The pretrial hearing to investigate whether an American service member charged with the murder of a fellow service member should be court-martialed closed yesterday in Keflavik, Iceland. <?xml:namespace prefix = o ns = “urn:schemas-microsoft-com:office:office” />
Air Force Airman Calvin Eugene Hill, 20, faces five charges, including murder and obstructing justice by allegedly murdering Airman 1st Class Ashley Turner to prevent her from testifying against him.
Prosecution brought several witnesses forward to testify in the hearing, including the lead agent in the naval investigation into the case and the service member who called 911 after finding Turner’s body.
Staff Sgt Jerrod Sunderland testified yesterday that on August 14, 2005, he had been working out in the fitness room in a dormitory on base when he saw a body lying in the middle of the floor in an unlit adjoining room.
“Once the lights were on,” said Sunderland, “I could notice there was a female laying face down on the floor in a pool of blood.” He estimated the pool had about the same diameter as a basketball.
Turner, a 20-year-old airman with the 56th Rescue Squadron, had suffered trauma to the head and neck and died shortly before 11PM on August 14 at the hospital on base.
Hill was taken into military custody the night of Turner’s death and has remained in custody since. Hill was charged with the aforementioned five counts in February, about six months after her death. American military law states that a person should be charged or brought to trial within 120 days unless there is good case as to why this period should be extended. The Air Force would not comment at this time what that was in this case.
Naval Criminal Investigative Service agent Fred Ewell, Jr., who was heading the case’s investigation, testified that Hill’s alleged motive, along with forensic reports he read that a drop of blood found on Hill’s shoelace matched Turner’s DNA profile, led him to believe that the accused had committed the crimes in question.
However, proceedings this Tuesday and Wednesday in the small US courtroom in Iceland were not a trial. Investigating Officer Col Mark Allred has yet to make a report and recommendation whether there is sufficient evidence for a case against Hill to proceed.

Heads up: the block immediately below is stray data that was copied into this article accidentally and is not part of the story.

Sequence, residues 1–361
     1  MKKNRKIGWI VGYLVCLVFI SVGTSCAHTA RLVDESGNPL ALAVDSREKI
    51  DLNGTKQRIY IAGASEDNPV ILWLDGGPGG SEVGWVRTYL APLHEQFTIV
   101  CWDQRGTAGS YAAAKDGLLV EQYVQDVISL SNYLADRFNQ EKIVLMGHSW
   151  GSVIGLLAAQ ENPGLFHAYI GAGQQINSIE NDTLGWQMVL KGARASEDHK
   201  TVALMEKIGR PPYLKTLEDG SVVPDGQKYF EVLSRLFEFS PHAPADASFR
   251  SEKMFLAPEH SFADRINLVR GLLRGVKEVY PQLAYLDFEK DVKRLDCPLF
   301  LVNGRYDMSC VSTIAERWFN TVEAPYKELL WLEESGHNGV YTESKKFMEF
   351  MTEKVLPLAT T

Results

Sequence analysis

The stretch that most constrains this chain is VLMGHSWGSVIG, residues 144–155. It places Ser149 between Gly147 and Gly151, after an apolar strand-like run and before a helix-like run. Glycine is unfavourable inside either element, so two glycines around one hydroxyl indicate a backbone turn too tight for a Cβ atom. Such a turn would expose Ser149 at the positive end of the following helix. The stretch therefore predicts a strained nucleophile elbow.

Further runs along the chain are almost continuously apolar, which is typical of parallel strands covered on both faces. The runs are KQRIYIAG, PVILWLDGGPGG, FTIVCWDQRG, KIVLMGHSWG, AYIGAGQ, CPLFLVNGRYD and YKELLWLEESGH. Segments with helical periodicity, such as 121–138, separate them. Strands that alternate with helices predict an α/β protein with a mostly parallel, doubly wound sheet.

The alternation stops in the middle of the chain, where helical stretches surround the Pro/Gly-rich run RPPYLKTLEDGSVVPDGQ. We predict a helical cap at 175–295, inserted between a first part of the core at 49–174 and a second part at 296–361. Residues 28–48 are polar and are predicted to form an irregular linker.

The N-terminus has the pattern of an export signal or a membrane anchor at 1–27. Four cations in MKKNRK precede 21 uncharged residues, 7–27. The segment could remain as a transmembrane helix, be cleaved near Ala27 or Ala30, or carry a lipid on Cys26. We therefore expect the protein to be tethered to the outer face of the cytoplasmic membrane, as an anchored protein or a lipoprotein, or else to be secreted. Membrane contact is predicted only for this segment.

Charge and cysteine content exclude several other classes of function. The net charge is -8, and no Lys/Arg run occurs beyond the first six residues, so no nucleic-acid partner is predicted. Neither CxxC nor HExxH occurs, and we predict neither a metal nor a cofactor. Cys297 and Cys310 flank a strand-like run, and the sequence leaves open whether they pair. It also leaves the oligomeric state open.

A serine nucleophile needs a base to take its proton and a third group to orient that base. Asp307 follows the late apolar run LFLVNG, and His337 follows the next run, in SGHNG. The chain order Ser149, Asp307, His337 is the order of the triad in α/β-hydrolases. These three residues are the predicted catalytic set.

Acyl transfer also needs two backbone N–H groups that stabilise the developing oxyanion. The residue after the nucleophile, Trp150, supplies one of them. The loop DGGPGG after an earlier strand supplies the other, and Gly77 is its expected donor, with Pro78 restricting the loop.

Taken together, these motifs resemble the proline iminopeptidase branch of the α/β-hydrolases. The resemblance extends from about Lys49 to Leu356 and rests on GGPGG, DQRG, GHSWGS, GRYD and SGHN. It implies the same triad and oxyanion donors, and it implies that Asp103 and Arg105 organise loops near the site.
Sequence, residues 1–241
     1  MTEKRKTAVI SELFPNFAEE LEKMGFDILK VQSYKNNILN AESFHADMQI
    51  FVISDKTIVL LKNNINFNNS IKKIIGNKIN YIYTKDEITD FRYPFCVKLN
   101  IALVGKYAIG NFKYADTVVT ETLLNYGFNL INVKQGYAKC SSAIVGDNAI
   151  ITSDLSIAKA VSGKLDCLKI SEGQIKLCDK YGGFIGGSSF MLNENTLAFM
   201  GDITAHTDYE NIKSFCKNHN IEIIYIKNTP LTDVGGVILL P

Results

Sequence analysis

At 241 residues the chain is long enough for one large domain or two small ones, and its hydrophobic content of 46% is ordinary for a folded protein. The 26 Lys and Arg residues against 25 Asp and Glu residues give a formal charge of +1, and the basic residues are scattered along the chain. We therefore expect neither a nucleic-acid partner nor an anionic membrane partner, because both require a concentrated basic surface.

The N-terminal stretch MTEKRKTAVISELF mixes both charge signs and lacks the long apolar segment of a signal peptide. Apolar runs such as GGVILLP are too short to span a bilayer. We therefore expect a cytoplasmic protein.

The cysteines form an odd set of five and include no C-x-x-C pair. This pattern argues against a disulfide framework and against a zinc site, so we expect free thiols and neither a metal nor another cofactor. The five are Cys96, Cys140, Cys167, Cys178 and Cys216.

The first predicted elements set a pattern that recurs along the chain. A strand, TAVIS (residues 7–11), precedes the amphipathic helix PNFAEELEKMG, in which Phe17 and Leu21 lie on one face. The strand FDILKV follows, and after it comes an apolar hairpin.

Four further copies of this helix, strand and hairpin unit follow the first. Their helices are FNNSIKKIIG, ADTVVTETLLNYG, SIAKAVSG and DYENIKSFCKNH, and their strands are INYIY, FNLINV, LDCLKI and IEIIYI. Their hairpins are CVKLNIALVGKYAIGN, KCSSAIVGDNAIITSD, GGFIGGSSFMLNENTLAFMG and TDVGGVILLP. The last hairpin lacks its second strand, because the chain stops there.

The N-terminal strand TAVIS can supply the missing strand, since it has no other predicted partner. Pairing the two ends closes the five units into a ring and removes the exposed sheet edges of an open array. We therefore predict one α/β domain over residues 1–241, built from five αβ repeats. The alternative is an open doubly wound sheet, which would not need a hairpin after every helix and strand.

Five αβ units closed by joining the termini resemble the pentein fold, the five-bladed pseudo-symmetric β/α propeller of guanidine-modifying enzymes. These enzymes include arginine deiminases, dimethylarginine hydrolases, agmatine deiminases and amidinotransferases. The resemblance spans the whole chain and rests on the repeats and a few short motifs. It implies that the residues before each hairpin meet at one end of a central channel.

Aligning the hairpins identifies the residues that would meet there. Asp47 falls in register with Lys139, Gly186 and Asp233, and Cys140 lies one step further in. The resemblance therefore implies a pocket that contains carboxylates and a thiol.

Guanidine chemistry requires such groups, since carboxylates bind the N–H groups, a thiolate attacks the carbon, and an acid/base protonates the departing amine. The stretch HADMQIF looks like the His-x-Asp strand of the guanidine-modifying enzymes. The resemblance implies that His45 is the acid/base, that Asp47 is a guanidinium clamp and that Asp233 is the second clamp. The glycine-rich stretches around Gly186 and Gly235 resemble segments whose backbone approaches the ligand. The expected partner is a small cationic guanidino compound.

Hill’s defense counsel did not present evidence or call witnesses during the hearing, which is not unusual in this kind of military hearing designed to determine whether the prosecution has enough of a case to move forward legally.
No closing statements were made by the prosecution or defense counsels.
The three members of Turner’s immediate family also gave personal testimony earlier in the hearing.
“If you had put us in this courtroom five months ago, you would have had to drag us out,” said Jason Turner, Ashley’s brother, appearing composed in an interview after the hearing.
Jason Turner and Lawrence and Lisa Turner, the victim’s parents, visited the alleged crime scene on base, which has been sealed for several months, the day they arrived to Iceland.
“It’s trial…it’s emotional,” said Lawrence Turner, the victim’s father. Turner says the military did not do as much hand-holding as he and his family would have liked during the months following his daughter’s death, but was satisfied with how the government proceeded in this week’s hearing. “I don’t care how much they keep from me or make me angry,” he said. “I got the rest of my life to seek justice, and that’s what I want.”
If court martialed and found guilty of murder, Hill could face life imprisonment or the death penalty under military law.
Lawrence Turner added,“We’re going to have to sit and hold onto our seats. It’s going to be a bumpy ride, but we’ll land.”